One of the most powerful storms ever recorded might have killed at least 10,000 people in the central Philippines.
A senior police official announced the grim number after authorities had a chance to somewhat realize the totality of the destruction.
Coastal towns and the regional capital were devastated by huge waves. The super typhoon destroyed about 70 to 80% of the area in its path, according to officials.
Many residents of Tacloban made their way to the city's airport on Sunday. Dozens waited in lines, hoping to catch a flight out of the city. Witnesses and officials describe chaotic scenes in the city, with bodies piled on the sides of roads and incredible debris blocking access to areas.
Philippine President Benigno Aquino visited the Tacloban Airport. He said his priority was helping survivors and providing basics like food and water. Other parts of the city showed the brute force the typhoon brought to Tacloban.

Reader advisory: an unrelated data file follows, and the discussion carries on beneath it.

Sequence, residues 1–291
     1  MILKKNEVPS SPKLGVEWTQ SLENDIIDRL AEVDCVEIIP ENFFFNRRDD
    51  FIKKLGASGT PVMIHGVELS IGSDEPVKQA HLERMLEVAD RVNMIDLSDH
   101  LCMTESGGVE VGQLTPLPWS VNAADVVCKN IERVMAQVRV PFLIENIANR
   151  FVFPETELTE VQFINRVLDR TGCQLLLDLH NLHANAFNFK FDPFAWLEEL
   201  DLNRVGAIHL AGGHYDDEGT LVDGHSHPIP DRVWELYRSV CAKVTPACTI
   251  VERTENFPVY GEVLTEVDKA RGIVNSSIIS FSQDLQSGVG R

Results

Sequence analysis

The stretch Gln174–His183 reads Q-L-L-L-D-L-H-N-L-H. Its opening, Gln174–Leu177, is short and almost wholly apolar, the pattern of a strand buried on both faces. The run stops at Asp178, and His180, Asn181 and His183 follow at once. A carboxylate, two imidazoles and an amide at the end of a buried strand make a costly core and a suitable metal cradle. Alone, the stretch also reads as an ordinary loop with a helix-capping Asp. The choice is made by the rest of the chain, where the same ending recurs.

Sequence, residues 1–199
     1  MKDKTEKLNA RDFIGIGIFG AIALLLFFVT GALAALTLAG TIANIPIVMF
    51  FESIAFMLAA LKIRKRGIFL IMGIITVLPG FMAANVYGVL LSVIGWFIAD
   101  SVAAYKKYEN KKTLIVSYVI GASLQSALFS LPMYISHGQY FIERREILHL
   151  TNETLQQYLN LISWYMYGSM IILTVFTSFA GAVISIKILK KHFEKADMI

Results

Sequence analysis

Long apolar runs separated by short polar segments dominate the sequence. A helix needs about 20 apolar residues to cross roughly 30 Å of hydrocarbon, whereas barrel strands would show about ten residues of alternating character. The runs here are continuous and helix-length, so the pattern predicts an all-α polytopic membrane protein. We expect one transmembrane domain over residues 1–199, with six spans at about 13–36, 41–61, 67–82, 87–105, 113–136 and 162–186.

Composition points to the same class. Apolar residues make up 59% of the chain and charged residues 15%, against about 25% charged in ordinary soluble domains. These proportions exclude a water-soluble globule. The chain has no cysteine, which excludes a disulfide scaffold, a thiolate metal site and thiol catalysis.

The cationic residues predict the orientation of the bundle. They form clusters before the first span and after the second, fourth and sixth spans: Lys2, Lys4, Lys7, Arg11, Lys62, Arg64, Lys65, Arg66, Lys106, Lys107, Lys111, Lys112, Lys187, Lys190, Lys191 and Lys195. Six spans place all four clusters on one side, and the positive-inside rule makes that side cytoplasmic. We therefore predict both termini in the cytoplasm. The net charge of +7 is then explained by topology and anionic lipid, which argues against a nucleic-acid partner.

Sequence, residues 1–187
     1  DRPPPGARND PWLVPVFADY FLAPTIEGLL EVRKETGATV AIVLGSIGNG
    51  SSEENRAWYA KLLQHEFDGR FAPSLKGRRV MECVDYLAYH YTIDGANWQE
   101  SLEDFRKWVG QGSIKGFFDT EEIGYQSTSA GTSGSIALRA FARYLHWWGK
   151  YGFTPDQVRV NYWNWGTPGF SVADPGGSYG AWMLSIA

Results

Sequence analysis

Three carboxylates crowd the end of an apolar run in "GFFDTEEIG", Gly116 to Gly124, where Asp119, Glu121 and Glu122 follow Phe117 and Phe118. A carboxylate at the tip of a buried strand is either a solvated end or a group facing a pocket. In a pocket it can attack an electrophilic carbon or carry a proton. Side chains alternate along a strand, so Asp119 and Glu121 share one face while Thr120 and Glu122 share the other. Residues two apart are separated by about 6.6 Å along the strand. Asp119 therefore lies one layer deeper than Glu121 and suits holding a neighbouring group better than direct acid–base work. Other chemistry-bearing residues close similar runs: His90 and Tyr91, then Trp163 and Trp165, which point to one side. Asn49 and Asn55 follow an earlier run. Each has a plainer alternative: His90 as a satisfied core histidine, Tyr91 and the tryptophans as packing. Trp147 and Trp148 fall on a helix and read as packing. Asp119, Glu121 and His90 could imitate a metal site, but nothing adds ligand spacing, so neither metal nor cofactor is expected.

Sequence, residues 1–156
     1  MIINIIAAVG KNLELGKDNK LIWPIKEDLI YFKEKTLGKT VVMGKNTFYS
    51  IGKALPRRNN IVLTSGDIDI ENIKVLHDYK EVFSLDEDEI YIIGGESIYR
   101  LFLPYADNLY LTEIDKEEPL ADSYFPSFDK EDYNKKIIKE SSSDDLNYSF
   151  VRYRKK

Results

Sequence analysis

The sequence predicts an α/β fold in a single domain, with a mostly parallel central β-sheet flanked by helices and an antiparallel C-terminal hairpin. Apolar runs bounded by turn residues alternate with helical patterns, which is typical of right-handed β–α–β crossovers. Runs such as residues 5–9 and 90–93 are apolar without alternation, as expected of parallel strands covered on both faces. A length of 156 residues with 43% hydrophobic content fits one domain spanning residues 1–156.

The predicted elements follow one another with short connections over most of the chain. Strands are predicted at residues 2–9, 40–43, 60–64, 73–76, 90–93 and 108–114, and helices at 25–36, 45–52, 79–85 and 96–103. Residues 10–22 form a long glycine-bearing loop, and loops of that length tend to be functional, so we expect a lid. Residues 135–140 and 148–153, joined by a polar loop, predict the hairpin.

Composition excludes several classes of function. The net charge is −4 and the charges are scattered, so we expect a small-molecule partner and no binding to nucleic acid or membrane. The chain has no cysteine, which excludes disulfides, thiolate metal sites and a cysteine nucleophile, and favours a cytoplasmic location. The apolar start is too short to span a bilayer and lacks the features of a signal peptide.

Worldwide support for the Philippines has begun pouring in. The World Food Program, based in Malaysia, was prepping the first batch of aid to be sent to the Philippines.
The organization is sending generators, water tanks, hardware kits and tents among other goods.
World Vision and Lufthansa joined forces to send the country aid. A Lufthansa crew was on its way to Manila when the news of the disaster reached them. They then partnered with World Vision and another aid organization to fill the plane with supplies for victims.
The groups sent blankets, first-aid kits and plastic tarps. They also had medical technical supplies on board.
The German government also pledged aid for typhoon survivors. Foreign ministers Guido Westerwelle promised quick emergency aid and technical support. He said "Germany wants to help and will help."
Westerwelle announced an immediate aid package of more than half-a-million dollars.
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